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About William Leo Ogden, first World War

About William Leo Ogden, first World War

William grew up in children’s homes and joined the army at the age of 15 in 1894. Compared to today’s boys he was only the size of a 12-13 year old at the time. He enlisted in the West Surrey (or Queen’s) regiment and subsequently spent three years with the 1st Battalion in India. In 1897 he was wounded and sent back to England to join the 2nd Battalion. In 1907 he was discharged from the regiment and shortly after he married.

In 1914, at the age of 35, William re-enlisted with the 2nd Battalion of the Queen’s Regiment upon their return from India. He embarked for France in November 1914 as part of the 7th Division. The battalion fought in the First Battle of Ypres although William may have arrived too late for that. He was in the trenches at La Boutillerie near Armentieres for an unofficial Christmas Day armistice at the end of 1914.

By 9th May 1915 the Battalion was billeted close to Estaires, about 14 km north of Béthune, and a few km west of their Christmas position. Early that morning they marched to the front, and from 6am they waited in support trenches, under continual shell-fire, with the rest of the 7th Division to follow the 8th Division in an attempt to seize the Aubers Ridge. The wait continued next day, but in the end the 8th failed to break through, the attempt was abandoned, and that night the Brigade marched about 14 km south to new billets at Essars, a couple of km north of Béthune.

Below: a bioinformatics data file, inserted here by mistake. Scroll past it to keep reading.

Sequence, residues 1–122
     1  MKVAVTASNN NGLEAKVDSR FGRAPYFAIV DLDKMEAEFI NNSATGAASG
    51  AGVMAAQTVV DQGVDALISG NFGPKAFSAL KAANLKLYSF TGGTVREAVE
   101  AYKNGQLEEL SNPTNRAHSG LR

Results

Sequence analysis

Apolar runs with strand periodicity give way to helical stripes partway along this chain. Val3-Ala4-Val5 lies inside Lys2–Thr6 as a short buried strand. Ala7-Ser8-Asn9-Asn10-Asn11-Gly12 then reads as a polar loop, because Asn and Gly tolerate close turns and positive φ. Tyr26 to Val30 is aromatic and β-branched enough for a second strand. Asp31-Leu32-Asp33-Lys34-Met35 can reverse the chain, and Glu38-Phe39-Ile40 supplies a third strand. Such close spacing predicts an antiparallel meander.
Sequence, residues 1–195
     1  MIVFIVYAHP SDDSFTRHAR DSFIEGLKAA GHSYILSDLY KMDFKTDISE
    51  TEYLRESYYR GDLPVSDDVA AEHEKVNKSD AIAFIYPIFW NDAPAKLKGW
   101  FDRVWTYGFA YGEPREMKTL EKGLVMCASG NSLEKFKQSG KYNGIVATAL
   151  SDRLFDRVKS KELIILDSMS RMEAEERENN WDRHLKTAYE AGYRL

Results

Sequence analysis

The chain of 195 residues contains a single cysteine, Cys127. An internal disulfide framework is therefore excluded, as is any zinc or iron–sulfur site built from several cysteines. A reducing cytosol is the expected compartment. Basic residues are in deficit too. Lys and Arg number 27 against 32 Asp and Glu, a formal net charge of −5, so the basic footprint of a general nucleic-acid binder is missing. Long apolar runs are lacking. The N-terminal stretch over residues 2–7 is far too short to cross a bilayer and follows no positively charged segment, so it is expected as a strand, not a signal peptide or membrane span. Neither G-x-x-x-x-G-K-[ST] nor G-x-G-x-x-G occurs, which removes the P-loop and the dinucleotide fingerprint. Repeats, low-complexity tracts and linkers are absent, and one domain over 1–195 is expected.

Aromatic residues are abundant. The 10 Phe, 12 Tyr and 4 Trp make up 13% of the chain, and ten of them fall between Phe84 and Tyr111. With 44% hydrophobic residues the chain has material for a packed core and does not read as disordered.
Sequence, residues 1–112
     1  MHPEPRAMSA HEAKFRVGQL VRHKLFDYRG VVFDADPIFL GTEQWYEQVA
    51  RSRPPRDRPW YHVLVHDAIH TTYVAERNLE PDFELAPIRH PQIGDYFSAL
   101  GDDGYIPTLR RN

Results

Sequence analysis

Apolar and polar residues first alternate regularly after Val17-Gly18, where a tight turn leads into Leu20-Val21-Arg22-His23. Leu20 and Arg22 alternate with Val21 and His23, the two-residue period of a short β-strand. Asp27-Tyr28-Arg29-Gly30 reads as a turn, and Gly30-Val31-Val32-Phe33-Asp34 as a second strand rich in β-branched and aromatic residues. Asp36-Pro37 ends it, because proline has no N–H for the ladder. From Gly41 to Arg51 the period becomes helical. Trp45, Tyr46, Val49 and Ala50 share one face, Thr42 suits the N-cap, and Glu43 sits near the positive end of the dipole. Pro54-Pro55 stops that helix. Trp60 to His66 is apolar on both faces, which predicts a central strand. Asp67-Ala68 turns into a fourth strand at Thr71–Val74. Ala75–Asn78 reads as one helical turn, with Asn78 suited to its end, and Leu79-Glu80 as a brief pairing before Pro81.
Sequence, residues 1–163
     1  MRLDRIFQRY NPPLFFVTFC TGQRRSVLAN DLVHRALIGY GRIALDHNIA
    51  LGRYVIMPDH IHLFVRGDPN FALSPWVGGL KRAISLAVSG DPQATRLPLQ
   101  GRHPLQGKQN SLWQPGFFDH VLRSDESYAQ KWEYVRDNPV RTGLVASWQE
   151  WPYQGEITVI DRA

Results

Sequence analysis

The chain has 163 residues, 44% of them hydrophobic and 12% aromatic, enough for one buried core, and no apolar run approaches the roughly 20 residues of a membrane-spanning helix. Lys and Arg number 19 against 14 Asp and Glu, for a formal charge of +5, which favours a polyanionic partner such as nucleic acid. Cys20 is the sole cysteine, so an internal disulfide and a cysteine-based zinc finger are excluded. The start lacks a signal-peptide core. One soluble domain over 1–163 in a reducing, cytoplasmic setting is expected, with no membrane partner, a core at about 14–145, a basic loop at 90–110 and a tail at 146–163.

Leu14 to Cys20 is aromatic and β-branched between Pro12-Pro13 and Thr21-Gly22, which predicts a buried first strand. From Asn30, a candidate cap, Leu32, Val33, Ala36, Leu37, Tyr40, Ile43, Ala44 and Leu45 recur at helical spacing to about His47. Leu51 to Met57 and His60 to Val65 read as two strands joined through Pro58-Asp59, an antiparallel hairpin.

On the evening of 15th the Battalion marched from their billets to wait in trenches east of the village of Festubert, which is about 7km ENE of Béthune. Over the course of that night about 790 men of the Battalion went “over the top” to raid the opposing trenches. They held them until 7.30pm the following day when orders were given to pull back. During that period of fighting 155 were killed, 237 were wounded, and 42 were designated missing. William was one of the 26,000 British casualties in that month’s offensive.

Like many others Corporal William Ogden is listed as having no known grave, but he is mentioned on the panel of Le Touret Military Cemetery just north of Festubert. He left behind a widow, Edith, and two children, Harold and Arthur. Before re-joining the regiment William had moved them to be close to Edith’s sister and his pre-war employer, the Post Office, paid for the boy’s education at a local grammar school. Life was hard, but the preparations William had made meant that it was manageable. William Leo Ogden was my great-grandfather and Arthur was my grandfather.